Karin Verspoor


2022

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What does it take to bake a cake The RecipeRef corpus and anaphora resolution in procedural textRecipeRef corpus and anaphora resolution in procedural text
Biaoyan Fang | Timothy Baldwin | Karin Verspoor
Findings of the Association for Computational Linguistics: ACL 2022

Procedural text contains rich anaphoric phenomena yet has not received much attention in NLP To fill this gap we investigate the textual properties of two types of procedural text recipes and chemical patents and generalize an anaphora annotation framework developed for the chemical domain for modeling anaphoric phenomena in recipes We apply this framework to annotate the RecipeRef corpus with both bridging and coreference relations Through comparison to chemical patents we show the complexity of anaphora resolution in recipes We demonstrate empirically that transfer learning from the chemical domain improves resolution of anaphora in recipes suggesting transferability of general procedural knowledge

2021

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ChEMU-Ref : A Corpus for Modeling Anaphora Resolution in the Chemical DomainChEMU-Ref: A Corpus for Modeling Anaphora Resolution in the Chemical Domain
Biaoyan Fang | Christian Druckenbrodt | Saber A Akhondi | Jiayuan He | Timothy Baldwin | Karin Verspoor
Proceedings of the 16th Conference of the European Chapter of the Association for Computational Linguistics: Main Volume

Chemical patents contain rich coreference and bridging links, which are the target of this research. Specially, we introduce a novel annotation scheme, based on which we create the ChEMU-Ref dataset from reaction description snippets in English-language chemical patents. We propose a neural approach to anaphora resolution, which we show to achieve strong results, especially when jointly trained over coreference and bridging links.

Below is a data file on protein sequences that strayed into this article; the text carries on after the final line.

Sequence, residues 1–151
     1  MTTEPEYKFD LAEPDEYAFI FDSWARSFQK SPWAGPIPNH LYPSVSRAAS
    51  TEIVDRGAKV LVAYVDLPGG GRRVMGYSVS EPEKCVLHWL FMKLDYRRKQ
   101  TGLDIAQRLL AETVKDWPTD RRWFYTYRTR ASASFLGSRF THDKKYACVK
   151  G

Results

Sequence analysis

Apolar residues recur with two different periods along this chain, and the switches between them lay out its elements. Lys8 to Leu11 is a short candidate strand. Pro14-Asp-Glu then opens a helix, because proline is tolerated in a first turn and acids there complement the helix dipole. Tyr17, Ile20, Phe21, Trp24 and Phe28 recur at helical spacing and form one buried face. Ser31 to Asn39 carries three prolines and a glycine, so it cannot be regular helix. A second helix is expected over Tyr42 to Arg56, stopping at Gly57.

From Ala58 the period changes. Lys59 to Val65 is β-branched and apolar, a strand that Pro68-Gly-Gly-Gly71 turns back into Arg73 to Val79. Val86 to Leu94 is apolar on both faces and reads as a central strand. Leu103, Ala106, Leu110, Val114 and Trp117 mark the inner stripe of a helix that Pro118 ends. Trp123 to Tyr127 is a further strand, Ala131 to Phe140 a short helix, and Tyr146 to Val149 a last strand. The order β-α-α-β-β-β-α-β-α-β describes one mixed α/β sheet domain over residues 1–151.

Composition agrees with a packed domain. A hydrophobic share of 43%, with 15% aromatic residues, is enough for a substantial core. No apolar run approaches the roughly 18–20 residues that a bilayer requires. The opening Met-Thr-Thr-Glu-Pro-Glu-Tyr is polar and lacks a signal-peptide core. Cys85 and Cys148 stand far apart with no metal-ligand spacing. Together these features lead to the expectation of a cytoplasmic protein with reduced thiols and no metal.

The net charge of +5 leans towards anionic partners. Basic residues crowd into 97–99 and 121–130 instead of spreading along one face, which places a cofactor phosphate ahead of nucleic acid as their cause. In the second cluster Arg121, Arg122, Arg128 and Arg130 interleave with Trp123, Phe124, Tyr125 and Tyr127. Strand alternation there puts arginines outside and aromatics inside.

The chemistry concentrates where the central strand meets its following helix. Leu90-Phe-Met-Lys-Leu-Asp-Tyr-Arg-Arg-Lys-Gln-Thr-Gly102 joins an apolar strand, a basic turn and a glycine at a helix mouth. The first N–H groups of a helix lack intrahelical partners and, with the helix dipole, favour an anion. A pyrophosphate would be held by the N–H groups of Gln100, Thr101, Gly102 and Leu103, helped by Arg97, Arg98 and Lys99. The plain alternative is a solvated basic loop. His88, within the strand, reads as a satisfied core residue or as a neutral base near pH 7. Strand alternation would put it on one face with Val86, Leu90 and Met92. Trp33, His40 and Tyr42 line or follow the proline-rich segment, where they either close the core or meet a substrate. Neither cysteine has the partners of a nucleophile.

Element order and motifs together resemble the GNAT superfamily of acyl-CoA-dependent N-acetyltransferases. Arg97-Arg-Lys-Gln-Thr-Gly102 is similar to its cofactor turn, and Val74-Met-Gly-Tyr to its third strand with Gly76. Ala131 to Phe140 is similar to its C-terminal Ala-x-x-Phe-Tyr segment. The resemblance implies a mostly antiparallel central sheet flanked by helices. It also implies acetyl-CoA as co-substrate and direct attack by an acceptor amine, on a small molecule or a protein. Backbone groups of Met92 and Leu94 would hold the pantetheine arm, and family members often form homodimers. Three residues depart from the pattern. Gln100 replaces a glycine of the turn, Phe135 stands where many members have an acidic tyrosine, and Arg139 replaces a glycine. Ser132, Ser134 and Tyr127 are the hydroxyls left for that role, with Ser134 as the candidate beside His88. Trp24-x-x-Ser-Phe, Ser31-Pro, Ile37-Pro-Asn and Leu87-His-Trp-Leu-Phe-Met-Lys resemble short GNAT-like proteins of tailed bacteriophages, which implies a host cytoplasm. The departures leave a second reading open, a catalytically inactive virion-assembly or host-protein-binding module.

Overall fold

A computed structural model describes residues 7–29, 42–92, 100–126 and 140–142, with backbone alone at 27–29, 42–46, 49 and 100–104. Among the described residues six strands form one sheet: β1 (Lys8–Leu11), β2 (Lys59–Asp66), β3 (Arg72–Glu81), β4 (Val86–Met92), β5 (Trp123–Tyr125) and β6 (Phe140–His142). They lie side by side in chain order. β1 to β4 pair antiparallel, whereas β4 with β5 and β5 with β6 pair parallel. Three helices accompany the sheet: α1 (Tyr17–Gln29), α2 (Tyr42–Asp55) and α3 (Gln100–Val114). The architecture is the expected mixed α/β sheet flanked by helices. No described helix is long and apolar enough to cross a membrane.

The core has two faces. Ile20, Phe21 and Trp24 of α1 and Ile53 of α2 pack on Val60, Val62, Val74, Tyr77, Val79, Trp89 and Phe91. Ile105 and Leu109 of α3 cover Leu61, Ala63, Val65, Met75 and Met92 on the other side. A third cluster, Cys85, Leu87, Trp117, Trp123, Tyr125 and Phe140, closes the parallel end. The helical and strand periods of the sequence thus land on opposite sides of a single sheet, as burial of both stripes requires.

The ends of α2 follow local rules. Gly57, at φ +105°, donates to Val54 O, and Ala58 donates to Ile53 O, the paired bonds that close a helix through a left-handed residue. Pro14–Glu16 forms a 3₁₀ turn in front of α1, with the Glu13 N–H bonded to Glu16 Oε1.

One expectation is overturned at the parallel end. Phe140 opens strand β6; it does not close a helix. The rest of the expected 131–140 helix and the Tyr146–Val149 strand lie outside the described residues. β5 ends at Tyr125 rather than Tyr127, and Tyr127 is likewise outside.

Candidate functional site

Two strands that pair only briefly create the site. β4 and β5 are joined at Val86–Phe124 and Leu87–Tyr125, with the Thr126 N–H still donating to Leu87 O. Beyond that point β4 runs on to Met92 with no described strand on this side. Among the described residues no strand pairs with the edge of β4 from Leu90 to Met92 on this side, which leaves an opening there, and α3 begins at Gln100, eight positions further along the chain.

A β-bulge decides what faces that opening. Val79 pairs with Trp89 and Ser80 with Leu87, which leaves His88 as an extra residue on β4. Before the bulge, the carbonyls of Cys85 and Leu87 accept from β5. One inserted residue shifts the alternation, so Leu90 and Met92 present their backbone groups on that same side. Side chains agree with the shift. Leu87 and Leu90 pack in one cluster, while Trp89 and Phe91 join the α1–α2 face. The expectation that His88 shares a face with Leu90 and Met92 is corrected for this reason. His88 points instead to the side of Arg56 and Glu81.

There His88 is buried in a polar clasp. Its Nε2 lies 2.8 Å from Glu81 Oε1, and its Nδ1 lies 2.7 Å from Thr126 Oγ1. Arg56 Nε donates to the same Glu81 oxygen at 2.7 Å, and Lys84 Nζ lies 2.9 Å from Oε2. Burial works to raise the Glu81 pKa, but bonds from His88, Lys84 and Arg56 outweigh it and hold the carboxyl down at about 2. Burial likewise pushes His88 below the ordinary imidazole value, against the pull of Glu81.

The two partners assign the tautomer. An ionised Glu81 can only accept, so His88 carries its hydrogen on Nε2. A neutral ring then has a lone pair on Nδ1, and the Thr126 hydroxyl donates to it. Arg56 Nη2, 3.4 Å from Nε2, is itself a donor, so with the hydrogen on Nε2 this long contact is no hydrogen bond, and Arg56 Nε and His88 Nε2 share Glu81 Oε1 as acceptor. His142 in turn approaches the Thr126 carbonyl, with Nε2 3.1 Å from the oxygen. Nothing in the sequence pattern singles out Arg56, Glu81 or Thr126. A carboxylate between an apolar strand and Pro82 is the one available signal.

2020

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WikiUMLS : Aligning UMLS to Wikipedia via Cross-lingual Neural RankingWikiUMLS: Aligning UMLS to Wikipedia via Cross-lingual Neural Ranking
Afshin Rahimi | Timothy Baldwin | Karin Verspoor
Proceedings of the 28th International Conference on Computational Linguistics

We present our work on aligning the Unified Medical Language System (UMLS) to Wikipedia, to facilitate manual alignment of the two resources. We propose a cross-lingual neural reranking model to match a UMLS concept with a Wikipedia page, which achieves a recall@1of 72 %, a substantial improvement of 20 % over word- and char-level BM25, enabling manual alignment with minimal effort. We release our resources, including ranked Wikipedia pages for 700k UMLSconcepts, and WikiUMLS, a dataset for training and evaluation of alignment models between UMLS and Wikipedia collected from Wikidata. This will provide easier access to Wikipedia for health professionals, patients, and NLP systems, including in multilingual settings.

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Proceedings of the 1st Workshop on NLP for COVID-19 at ACL 2020
Karin Verspoor | Kevin Bretonnel Cohen | Mark Dredze | Emilio Ferrara | Jonathan May | Robert Munro | Cecile Paris | Byron Wallace